Europe 1 with AFP / Photo credit: DIMITAR DILKOFF / AFP 17:22 p.m., December 03, 2023On Saturday in Paris, a knife-wielding terrorist killed a German tourist and wounded two others. Already known for psychological disorders and radical Islamism, the man was arrested by the police. On the other hand, this case shows the complex link between "ideology" and "psychiatry".
As in the case of the deadly knife and hammer attack in Paris on Saturday night, characterizing the nature of the acts committed by radicalized people is complex when mental disorders and ideological motivations are mixed. "As is often the case in these cases, an ideology, an impressionable personality and unfortunately psychiatry are intertwined," Health Minister Aurélien Rousseau said on Sunday. "Even if we have largely strengthened in recent years the links between (the) psychiatrists and the authorities who follow these radicalized people, it does not allow us to know what is the day and time of the passage to the act," he added on France 3.
A "treatment" without hospitalization
Near the Eiffel Tower, a man stabbed to death a German-Filipino tourist before wounding two other people, traumatized but "in good health," according to the minister. Arrested, The terrorist, born in France in 1997 of Iranian parents, is of French nationality and known to the justice for radical Islam and psychiatric disorders, police sources. The Anti-Terrorist Prosecutor's Office (PNAT) has opened an investigation. In particular, the medical follow-up of the author, whose "profile is very unstable, very impressionable", will be dissected, according to a security source to AFP.
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The Minister of Health confirmed that the terrorist had been subject to psychiatric "monitoring", a "treatment" without hospitalization, since he was released from prison in 2020, according to sources close to the case, after a conviction for a planned attack in 2016.
Initial evidence shows that the "follow-up" did take place at the outset. But the authorities are still examining the continuation of the terrorist's career, who then moved to "another department", said the minister, who is taking part in the security meeting in Matignon with his colleagues from the Interior and Justice on Sunday afternoon. Less than 24 hours after the attack, Denis Leguay, president of the federation Santé Mentale France, remains very cautious about the possible explanations for the terrorist's act, in a context of war between Israel and Hamas and tensions in France.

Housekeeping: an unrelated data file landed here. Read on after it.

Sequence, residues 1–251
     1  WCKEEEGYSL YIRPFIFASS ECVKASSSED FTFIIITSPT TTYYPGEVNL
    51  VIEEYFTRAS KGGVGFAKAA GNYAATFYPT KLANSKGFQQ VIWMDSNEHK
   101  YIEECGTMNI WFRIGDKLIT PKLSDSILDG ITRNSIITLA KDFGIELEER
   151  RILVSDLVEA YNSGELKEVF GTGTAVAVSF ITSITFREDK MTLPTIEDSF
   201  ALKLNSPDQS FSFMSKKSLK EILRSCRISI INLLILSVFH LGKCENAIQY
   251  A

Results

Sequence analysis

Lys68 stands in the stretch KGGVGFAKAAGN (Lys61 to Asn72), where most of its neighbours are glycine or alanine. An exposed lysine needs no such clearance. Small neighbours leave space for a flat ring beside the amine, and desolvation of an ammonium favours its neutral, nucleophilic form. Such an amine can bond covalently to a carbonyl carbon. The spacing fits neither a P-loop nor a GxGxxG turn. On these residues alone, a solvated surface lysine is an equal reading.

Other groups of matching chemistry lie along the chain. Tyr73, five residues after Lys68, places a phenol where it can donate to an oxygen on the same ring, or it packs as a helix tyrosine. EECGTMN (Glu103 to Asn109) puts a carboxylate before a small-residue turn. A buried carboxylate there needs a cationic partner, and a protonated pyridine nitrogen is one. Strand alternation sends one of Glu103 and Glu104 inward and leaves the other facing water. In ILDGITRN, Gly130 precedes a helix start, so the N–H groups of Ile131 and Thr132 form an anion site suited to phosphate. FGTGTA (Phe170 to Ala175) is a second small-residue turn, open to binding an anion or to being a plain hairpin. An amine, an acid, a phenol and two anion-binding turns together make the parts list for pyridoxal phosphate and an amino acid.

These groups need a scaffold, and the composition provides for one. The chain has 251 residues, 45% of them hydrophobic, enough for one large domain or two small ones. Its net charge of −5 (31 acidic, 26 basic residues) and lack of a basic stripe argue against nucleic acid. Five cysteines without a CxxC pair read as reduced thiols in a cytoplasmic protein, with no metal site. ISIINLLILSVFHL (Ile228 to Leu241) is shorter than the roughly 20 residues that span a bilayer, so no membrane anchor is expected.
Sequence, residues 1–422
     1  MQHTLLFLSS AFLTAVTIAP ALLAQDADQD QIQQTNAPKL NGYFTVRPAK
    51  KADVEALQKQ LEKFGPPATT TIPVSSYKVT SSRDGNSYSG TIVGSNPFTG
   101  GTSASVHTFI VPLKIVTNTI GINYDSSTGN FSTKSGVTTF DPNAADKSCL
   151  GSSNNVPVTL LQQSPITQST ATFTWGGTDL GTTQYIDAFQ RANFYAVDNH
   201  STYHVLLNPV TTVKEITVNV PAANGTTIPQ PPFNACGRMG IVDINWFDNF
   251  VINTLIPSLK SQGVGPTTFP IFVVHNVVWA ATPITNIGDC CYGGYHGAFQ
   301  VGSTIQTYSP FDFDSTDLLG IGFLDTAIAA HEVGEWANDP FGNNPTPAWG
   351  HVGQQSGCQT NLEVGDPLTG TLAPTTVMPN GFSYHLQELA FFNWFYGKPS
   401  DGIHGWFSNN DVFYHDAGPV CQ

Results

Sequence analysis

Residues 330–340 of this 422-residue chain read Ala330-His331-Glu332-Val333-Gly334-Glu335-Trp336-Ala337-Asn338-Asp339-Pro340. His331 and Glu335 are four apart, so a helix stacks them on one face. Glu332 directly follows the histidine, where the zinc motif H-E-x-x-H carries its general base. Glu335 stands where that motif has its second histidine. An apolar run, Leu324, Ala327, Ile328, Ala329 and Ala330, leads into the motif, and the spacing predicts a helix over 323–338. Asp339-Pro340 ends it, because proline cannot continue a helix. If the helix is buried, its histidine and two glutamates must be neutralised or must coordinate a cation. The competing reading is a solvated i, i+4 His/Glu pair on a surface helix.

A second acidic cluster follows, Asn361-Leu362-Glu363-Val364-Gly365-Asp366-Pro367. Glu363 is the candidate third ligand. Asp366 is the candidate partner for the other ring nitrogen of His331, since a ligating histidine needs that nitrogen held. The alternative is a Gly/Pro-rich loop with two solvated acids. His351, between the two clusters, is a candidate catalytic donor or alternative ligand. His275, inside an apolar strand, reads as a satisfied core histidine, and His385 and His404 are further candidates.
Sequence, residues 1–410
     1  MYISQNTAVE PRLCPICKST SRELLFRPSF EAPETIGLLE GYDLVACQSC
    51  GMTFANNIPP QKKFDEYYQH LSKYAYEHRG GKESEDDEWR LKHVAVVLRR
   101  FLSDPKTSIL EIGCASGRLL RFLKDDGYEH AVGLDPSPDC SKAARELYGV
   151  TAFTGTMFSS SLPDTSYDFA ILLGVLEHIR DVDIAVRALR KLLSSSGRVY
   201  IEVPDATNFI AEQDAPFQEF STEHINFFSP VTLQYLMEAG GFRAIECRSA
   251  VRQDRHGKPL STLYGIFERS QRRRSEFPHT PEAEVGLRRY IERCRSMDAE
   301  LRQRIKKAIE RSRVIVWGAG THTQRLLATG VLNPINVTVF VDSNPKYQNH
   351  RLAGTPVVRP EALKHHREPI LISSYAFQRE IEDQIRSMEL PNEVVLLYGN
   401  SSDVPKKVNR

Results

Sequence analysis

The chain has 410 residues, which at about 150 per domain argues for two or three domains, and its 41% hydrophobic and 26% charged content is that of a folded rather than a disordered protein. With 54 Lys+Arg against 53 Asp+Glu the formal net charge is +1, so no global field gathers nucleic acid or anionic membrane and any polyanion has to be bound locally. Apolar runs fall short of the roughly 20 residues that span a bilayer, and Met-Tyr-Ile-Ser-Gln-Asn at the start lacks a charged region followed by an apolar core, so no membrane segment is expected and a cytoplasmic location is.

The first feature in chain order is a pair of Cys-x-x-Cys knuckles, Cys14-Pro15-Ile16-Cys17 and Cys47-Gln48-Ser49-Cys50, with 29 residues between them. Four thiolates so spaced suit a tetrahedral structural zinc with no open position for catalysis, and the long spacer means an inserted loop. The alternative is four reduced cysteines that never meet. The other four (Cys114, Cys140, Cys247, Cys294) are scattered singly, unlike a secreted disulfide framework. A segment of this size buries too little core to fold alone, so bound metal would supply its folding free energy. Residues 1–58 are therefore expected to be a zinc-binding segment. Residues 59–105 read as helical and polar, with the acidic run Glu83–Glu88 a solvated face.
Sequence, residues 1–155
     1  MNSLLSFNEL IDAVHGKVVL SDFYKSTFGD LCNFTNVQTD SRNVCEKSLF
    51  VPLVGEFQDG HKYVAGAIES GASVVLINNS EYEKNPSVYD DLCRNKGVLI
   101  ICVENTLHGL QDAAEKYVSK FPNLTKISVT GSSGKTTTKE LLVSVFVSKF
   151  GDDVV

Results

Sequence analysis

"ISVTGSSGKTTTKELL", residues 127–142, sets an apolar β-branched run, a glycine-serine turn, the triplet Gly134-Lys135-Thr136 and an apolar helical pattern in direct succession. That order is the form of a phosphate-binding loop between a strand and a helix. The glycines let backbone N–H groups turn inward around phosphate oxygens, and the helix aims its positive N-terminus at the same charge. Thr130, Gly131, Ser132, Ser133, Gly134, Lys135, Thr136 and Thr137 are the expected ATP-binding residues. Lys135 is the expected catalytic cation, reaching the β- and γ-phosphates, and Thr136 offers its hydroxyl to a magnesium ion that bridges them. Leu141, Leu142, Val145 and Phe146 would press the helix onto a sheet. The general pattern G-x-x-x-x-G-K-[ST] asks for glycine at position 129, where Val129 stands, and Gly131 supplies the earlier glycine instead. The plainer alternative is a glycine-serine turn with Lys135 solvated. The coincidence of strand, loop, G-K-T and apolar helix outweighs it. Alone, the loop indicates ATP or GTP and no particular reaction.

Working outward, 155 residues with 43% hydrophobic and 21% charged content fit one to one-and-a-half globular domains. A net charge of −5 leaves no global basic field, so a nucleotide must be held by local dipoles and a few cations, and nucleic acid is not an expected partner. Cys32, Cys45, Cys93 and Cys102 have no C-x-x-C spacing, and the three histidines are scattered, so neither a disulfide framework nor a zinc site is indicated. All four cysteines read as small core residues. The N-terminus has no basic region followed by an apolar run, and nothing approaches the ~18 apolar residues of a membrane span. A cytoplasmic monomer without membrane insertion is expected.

"We can wonder about the influence of everything that is happening in the news, which is abundantly relayed and which can act on the behavior and the good psychic balance of this kind of person presented as fragile," he told AFP. But in the specific case of Saturday's attack, "it is too early to express ourselves because we do not know what psychological state he is in at the moment, we have to wait for a psychiatric expertise."
However, the psychiatrist points out what can be perceived as a paradox: "This man would be followed by the psychiatric care system but at the same time, he has in the recent past been incarcerated and therefore considered responsible for his actions." "It is therefore difficult today to qualify his acts without knowing more about his mental state at the time he committed them," he concludes.
For emergency doctor Patrick Pelloux, interviewed on BFMTV, "we must avoid saying as soon as there is an attack: It's the fault of psychiatry". "I understand that we want to take cover to say: It's the fault of the other, but there is the determination of the terrorist, in this case, it's very structured. He thought carefully about how he hit" his victim, "where to hit," added the doctor, who was present at the scene of the attack on Saturday. This tragedy highlights the recurrent difficulty for the justice system to draw the line between a terrorist act and a common crime, especially when the perpetrator suffers from mental disorders and acts in a solitary manner.
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To varying degrees, the psychiatric issue has intervened in several attacks that have been seized by the anti-terrorist justice system in recent years, such as at the Paris police prefecture (October 2019) or Rambouillet (April 2021). On the other hand, the PNAT has ruled out other cases, such as that of a man registered for Islamist radicalisation, known for mental disorders, who had threatened police officers in Metz with a knife in January 2020.
According to the penal code, the PNAT must take action if offences are committed "intentionally in connection with an individual or collective enterprise with the aim of seriously disturbing public order through intimidation or terror". On the one hand, this implies premeditation and, on the other hand, its attachment to a political or ideological movement, for example through a claim or the imitation of a mode of action.